Is It Time to Raise Gas Taxes in Louisiana?
Louisiana has a backlog of nearly $15 billion dollars in transportation projects and the money to pay for improvements is not increasing. A recent State Legislative Audit report shows the state Transportation Trust Fund (TTF) "is not sufficient to meet Louisiana’s $14.87 billion in infrastructure needs."
Why Does Louisiana Have Such a Backlog in Projects?
One of the reasons cited in the audit report is the gas tax paid by motorists in Louisiana. The report says "fuel taxes, which are the TTF’s largest source of revenue, have not increased since 1990 and are not indexed for inflation. In addition, the average fuel efficiency of passenger cars in the United States has increased, which has decreased the amount of revenue going into the fund."
How Much Do We Pay in Gas Taxes?
The gas tax in Louisiana is $.20 cents a gallon which puts us at #43 on the list of states when you compare gas taxes. The federal tax on gas is 18.4 cents a gallon and 24.4 cents a gallon for diesel.
This latest audit report also shows more than $300 million from the Transportation Trust Fund "was used to supplement the debt service for the Transportation Infrastructure Model for Economic Development (TIMED) program and for constitutionally allowed local transportation needs, which further reduced the amount of revenue for state transportation needs."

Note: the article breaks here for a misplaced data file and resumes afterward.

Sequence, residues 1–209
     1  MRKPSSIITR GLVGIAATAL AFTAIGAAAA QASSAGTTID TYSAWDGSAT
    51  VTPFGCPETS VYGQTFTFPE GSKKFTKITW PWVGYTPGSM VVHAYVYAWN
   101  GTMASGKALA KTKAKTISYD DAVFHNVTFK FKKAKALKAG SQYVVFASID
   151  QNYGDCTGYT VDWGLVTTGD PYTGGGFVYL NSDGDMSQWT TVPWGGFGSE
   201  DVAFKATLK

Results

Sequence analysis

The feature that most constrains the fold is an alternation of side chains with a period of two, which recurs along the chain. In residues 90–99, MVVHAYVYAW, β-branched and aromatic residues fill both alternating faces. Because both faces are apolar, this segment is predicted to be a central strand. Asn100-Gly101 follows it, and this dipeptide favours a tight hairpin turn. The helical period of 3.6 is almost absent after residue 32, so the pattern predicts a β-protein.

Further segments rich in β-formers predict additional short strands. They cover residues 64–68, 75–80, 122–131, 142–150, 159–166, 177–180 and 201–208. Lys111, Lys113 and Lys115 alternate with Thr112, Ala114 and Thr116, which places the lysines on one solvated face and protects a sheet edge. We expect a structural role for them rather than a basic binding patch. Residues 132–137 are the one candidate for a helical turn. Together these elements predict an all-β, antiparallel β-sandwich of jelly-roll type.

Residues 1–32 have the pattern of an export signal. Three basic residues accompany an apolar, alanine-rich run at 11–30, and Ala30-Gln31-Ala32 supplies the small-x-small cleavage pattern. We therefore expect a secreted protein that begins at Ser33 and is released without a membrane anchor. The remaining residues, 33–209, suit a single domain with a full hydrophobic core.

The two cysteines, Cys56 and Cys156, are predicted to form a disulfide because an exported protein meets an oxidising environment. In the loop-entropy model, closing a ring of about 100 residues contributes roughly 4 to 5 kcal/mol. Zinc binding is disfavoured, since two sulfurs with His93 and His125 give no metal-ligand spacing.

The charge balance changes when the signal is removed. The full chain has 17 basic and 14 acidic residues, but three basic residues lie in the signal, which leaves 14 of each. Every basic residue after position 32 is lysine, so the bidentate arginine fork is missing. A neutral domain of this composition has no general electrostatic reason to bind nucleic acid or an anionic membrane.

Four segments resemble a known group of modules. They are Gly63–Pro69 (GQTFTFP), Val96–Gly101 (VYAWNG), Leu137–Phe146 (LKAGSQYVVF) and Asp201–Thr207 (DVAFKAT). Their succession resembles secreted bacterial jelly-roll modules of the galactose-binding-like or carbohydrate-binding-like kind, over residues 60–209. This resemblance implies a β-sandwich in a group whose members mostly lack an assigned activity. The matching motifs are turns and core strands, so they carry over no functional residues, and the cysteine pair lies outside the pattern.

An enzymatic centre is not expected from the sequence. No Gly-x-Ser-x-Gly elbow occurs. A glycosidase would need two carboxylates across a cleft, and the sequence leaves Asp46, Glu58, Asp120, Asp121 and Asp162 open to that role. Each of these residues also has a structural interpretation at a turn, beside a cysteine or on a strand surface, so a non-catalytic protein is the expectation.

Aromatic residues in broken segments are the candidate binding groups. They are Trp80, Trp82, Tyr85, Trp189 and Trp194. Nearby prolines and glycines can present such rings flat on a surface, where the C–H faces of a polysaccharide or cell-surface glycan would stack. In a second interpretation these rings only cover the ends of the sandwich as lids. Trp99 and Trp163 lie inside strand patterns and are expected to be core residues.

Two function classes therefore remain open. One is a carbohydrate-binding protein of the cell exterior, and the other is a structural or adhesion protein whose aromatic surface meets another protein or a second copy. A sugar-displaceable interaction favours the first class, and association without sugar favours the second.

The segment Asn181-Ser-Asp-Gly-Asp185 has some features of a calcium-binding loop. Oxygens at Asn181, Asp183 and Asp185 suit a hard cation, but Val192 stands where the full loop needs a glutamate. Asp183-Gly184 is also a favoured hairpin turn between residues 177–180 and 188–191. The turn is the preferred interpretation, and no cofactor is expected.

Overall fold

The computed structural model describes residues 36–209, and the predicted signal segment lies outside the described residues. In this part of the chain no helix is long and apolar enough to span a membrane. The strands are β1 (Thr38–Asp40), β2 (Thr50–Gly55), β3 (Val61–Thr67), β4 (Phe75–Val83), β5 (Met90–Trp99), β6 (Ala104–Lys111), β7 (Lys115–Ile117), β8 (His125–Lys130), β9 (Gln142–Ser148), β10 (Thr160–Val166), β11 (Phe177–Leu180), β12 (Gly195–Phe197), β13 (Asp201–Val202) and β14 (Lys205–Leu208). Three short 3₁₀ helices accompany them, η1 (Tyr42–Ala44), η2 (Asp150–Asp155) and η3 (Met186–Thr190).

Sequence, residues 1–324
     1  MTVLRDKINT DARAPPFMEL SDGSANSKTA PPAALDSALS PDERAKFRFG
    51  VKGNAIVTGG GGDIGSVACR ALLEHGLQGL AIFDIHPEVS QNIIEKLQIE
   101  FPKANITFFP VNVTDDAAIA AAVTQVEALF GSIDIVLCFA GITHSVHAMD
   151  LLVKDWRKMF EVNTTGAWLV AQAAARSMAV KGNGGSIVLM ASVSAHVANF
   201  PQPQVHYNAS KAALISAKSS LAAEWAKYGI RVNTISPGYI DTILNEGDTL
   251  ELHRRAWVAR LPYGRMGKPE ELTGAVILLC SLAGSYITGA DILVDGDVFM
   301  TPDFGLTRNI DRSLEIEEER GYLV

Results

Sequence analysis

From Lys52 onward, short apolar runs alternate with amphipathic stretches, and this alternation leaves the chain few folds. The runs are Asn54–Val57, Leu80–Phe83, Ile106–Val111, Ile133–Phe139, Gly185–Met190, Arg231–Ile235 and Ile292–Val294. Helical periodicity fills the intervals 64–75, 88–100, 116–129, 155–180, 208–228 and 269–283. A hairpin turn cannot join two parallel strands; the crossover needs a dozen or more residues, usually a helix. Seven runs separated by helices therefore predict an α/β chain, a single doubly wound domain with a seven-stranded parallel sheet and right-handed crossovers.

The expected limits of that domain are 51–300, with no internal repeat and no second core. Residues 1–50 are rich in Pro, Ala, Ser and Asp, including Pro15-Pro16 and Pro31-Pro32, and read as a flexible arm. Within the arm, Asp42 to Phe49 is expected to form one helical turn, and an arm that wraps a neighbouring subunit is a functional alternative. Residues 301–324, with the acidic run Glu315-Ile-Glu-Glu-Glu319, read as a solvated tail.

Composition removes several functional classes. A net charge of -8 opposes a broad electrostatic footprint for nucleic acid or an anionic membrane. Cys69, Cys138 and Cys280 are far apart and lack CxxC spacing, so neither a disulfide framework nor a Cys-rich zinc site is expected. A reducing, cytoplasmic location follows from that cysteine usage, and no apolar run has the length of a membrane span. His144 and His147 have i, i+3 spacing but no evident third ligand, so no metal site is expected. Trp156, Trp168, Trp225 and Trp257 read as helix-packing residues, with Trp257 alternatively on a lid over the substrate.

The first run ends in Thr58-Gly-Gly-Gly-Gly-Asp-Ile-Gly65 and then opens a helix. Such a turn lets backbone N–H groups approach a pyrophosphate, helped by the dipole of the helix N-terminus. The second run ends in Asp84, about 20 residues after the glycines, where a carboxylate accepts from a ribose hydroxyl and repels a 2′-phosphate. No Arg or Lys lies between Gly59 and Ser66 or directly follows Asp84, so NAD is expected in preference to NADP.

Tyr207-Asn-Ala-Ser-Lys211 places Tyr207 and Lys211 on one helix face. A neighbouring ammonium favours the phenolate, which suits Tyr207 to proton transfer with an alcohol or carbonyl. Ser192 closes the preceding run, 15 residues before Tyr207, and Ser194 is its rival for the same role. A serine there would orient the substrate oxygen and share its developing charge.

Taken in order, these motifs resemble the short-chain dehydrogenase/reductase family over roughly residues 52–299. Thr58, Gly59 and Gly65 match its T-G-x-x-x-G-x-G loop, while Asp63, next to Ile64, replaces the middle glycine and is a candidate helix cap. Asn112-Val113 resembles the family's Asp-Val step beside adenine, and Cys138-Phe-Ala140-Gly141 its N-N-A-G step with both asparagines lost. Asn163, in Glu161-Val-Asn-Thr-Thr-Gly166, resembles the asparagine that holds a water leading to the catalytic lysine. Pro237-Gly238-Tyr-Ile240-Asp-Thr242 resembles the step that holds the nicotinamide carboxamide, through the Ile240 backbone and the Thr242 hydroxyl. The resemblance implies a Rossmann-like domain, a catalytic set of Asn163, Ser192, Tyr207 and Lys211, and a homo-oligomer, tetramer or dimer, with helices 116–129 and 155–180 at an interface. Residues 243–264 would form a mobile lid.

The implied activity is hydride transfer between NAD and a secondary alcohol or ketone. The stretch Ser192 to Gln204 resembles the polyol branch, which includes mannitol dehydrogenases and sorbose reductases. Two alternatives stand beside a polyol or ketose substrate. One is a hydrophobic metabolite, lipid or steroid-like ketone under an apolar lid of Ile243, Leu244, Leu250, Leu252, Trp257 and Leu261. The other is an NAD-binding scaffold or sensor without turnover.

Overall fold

The picture is not getting brighter as more drivers turn to electric cars and more fuel efficient cars. This will likely cut into the amount of gas tax collected by the state. The latest projections show we could see revenues decline by more than $500 million over the next 10 years.
This report also shows other states have implemented other fees or alternative taxes to make up for the declining gas tax revenues to keep up with road and bridge maintenance needs.
But 2023 is an election year and it is not likely lawmakers will approve any kind of increase in gas taxes or alternative taxes, but we will have to wait and see.